Thursday, June 5, 2014

my take on the trends: neon and lace

No, you don't need to adjust your monitor... that's actually pretty close to the real color of this top! I've been thinking about trying the neon trend in a simple tank like this. I was leaning towards a vibrant pink, but having a hard time finding the right shade that would look good on me in a nice fabric. But then while checking out Anthropologie (for the first time!) in Philadelphia I saw a gorgeous silk tank in a super-bright, vibrant coral. Perfect! Oh, did I want to buy that tank! But I didn't, and later in the trip exploring Fabric Row (very cool!) my sister found the near identical color on a crowded shop shelf! For only $6/yard! And in a lovely, drapey rayon.... I love rayon. It's not exactly a neon, but super-bright! It's almost a red, and almost a coral, and almost like the most vibrant, dark watermelon you've ever seen... yum! And probably more flattering on me than a traditional neon would be.

This is another version of the Ella Tank I recently pattern tested for Liola Patterns. This time I cut a size small and shortened it about 1.5" at the waistline. I also decided to take advantage of the yoke design feature to play with another trend: lace! Lace on neon coral? Ummm... yes!

I always have a hard time with this style of finishing the arm and neck openings; making a bias strip that is turned under and sewn to conceal the raw edge, almost like a very thin facing. I can never get it to lay flat when worn, or end up pressing little wrinkles along the neckline to make it lie flat (any tips would be totally appreciated!). I wish I had bound it similar to my fishy tank or Lemon Drop Top where the bias binding is exposed on both sides, like you would bind a quilt. It would be especially nice with this lovely, light rayon! I also made a few wrinkles on one section of my narrow hem:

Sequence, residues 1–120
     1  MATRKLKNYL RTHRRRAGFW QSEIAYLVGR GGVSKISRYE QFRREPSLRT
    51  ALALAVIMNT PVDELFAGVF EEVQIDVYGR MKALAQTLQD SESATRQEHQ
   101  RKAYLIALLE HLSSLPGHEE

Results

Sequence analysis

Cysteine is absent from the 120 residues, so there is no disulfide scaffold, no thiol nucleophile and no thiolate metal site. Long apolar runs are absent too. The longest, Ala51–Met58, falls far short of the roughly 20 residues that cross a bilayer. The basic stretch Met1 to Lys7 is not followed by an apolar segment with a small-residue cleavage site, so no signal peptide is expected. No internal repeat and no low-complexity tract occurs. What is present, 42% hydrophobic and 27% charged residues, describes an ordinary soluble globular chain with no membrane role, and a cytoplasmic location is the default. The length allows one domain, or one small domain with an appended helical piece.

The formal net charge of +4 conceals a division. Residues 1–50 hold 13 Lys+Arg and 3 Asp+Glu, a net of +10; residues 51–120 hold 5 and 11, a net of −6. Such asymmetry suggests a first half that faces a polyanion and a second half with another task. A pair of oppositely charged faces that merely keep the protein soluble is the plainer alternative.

When altering the pattern I did not take any length out above the bust or from the straps, and decided that a low neckline would be ok with this kind of drapey, summer top. But, once constructed I discovered that the bust points were also way too low. How did I not notice that the last time I made it? So I had to take up the straps after I'd already bound the neck and arm openings, tacking them down so it doesn't show too bad:

So now the side seam doesn't hang straight, but oh well. Still a very cool, comfortable almost-perfect summer top. I'll make sure to lower the straps and arm opening evenly on both the front and back pattern pieces before I cut out my fabric next time I make this top. Then the fit should be just perfect!


  1. I find sometimes the 'easiest' shapes are the hardest! Maybe it's because the fit is more noticeable. I like a bias neckline on wovens that you stretch on like a knit then stitch in the ditch (.not sure if this is what you did), it seems to lie flat, but I know what you mean about the little puckers on armholes and hem. I see them even in rtw. Anyway I love your bright colours. They will be great for a hot sunny day :)

    1. I often find myself thinking when a sewing project doesn't come out just right, "but you would see his often in RTW." I guess I aim to make better than RTW. I actually tried on a RTW striped dress the other day where just ONE panel was cut off grain... Looked totally stupid!